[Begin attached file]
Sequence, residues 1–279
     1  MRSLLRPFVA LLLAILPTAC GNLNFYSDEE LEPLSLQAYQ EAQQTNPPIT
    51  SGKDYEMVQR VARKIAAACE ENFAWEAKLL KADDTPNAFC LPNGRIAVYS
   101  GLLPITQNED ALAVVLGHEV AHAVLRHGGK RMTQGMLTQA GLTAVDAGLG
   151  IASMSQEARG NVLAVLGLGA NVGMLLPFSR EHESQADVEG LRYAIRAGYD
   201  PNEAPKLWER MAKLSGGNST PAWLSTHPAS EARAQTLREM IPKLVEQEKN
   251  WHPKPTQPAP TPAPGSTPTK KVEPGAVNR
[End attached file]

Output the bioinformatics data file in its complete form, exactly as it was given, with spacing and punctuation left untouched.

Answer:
Sequence, residues 1–279
     1  MRSLLRPFVA LLLAILPTAC GNLNFYSDEE LEPLSLQAYQ EAQQTNPPIT
    51  SGKDYEMVQR VARKIAAACE ENFAWEAKLL KADDTPNAFC LPNGRIAVYS
   101  GLLPITQNED ALAVVLGHEV AHAVLRHGGK RMTQGMLTQA GLTAVDAGLG
   151  IASMSQEARG NVLAVLGLGA NVGMLLPFSR EHESQADVEG LRYAIRAGYD
   201  PNEAPKLWER MAKLSGGNST PAWLSTHPAS EARAQTLREM IPKLVEQEKN
   251  WHPKPTQPAP TPAPGSTPTK KVEPGAVNR